Income from operations was $55.2 million, an increase of 16.8% over the $47.2 million reported in 2003. Income from operations as a percentage of sales (“operating income margin”) was 7.3% in 2004 versus 7.6% in 2003. Electrical segment income from operations increased 16.4% in 2004 to $39.4 million from $33.9 million in 2003, and operating income margin decreased to 7.1% in 2004 from 7.7% in 2003. The impact of the raw material cost increases coupled with an increase in healthcare costs for employees were the primary drivers of this decrease.  These factors were partially offset by price increases, favorable volume impacts, and the operating expense fixed cost leveraging and productivity.  Mechanical segment income from operations increased 17.8% to $15.7 million in 2004 from $13.3 million in 2003.  The Mechanical segment operating income margin for 2004 improved to 7.9% from 7.4% in 2003.   The results of the Mechanical segment reflect the positive impacts of increased volume, price increases, and the 3rd quarter gain on the sale of property located in the U.K. ($1.5 million pretax), partially offset by raw material cost increases.

15


Our net interest expense in 2004 was $6.6 million, which was an increase of 3.5% over the $6.4 million in 2003. This increase was due to a slightly increased  balance  of average debt outstanding.  The average interest rate we paid on outstanding debt in 2004 was 2.7% which was unchanged from the 2.7% average in 2003.

Our effective tax rate on income before taxes decreased to 31.9% in 2004 from 36.2% in 2003, including tax effects of the minority interest. This decrease was due primarily to the impact of the favorable resolution of several tax matters recorded in the fourth quarter ($1.4 million) and the favorable tax treatment of the third quarter gain on the sale of property located in the U.K ($.5 million).

Our 2004 net income of $30.4 million improved 20.7% from the $25.2 million in 2003. Net income as a percentage of sales was 4.0% versus 4.1% in 2003.  Basic earnings per share was $1.24 in 2004, a 22.8% increase from $1.01 in 2003.  Fully diluted earnings per share was $1.22, a 22.0% increase from $1.00 in 2003.

2003 versus 2002

Our net sales were $619.1 million in 2003, a 2.3% increase from $605.3 million in 2002. The higher sales were attributable to our Electrical segment, whose 2003 net sales of $438.4 million were 4.7% improved from 2002’s $418.6 million. This sales increase was due primarily to strength in our power generator and related controls products, including our generator joint venture in China, particularly in the second half of 2003. The increase in the generator and control sales was due primarily to an overall improvement in market demand as 2003 progressed, in part aided by the impact of the Northeast power outage, Hurricane Isabel and Middle East rebuilding projects. Sales of our electric motor products were virtually unchanged in 2003 from 2002. Mechanical segment 2003 net sales of $180.7 million were 3.2% below $186.7 million in 2002 and were basically flat throughout 2003, reflecting broad-based weakness in our markets.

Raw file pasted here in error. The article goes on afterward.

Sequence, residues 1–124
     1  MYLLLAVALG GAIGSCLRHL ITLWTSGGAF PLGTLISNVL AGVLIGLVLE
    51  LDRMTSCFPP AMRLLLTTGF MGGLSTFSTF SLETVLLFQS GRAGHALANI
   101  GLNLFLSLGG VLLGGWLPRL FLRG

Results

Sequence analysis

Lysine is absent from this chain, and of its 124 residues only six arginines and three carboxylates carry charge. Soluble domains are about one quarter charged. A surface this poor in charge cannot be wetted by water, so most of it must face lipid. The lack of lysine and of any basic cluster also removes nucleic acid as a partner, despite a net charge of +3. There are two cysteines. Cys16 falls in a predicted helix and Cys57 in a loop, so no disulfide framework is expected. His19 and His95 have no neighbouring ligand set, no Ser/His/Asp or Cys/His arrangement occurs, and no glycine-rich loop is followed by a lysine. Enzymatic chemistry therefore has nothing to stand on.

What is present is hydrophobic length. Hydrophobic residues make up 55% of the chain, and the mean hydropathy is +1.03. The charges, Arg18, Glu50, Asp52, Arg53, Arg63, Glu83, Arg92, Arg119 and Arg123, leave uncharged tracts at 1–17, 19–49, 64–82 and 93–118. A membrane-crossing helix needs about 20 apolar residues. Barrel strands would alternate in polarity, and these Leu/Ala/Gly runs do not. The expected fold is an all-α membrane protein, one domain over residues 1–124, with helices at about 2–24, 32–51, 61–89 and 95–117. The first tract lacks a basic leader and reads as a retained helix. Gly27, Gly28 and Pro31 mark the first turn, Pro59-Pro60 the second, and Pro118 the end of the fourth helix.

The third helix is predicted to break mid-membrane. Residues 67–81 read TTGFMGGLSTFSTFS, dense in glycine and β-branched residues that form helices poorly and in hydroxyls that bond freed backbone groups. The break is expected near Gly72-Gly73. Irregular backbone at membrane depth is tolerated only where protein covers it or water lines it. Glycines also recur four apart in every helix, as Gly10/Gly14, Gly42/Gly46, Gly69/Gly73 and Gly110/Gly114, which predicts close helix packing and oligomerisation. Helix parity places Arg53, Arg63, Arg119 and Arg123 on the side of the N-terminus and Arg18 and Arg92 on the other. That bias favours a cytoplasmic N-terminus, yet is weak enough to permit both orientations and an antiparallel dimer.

Our gross profit rose 2.6% in 2003 to $146.8 million from $143.1 million the previous year. Gross profit as a percentage of net sales (“gross profit margin”) in 2003 of 23.7% was virtually unchanged from 2002, although increasing to 24.1% in the fourth quarter of 2003 above the 23.6% average margin of the first nine months of 2003. The fourth quarter 2003 gross profit margin increase above the rest of 2003 was due primarily to improved manufacturing productivity and the completion of moving production from three of our factories, which are for the most part now closed, into several of our other facilities.

Our operating expenses in 2003 were $99.5 million, 3.8% above $95.9 million in 2002. Of the $3.6 million increase, approximately $1.2 million, or 33%, was due to the operating expenses of our consolidated Jinling joint venture which began January 1, 2003. Operating expenses as a percentage of sales increased to 16.1% in 2003 from 15.8% in 2002.

Income from operations of $47.2 million was virtually unchanged from 2002. Income from operations as a percentage of sales (“operating income margin”) was 7.6% in 2003 versus 7.8% in 2002. Electrical segment income from operations decreased 4.5% in 2003 to $33.9 million from $35.5 million in 2002, and operating income margin to 7.7% in 2003 from 8.5% in 2002. In addition to the impact of our joint venture discussed above, the impact on 2003 productivity of the plant consolidation programs also discussed above, as well as continued pricing pressures, higher utility and other factory costs and lower overhead absorption in order to reduce inventories were also factors in the reduced Electrical segment operating income margin. Mechanical segment income from operations increased 13.7% to $13.3 million in 2003 from $11.7 million in 2002 and operating income margin to 7.4% from 6.3% for 2003 and 2002, respectively. Excluding the $1.2 million pre-tax fourth quarter 2002 charge relating to a plant closing/consolidation completed in 2003’s first quarter, the Mechanical segment’s 7.4% operating income margin would still be .5% higher in 2003 than in 2002, primarily due to improved productivity and to favorable mix of products sold. (See also Note 11 of Notes to Consolidated Financial Statements.)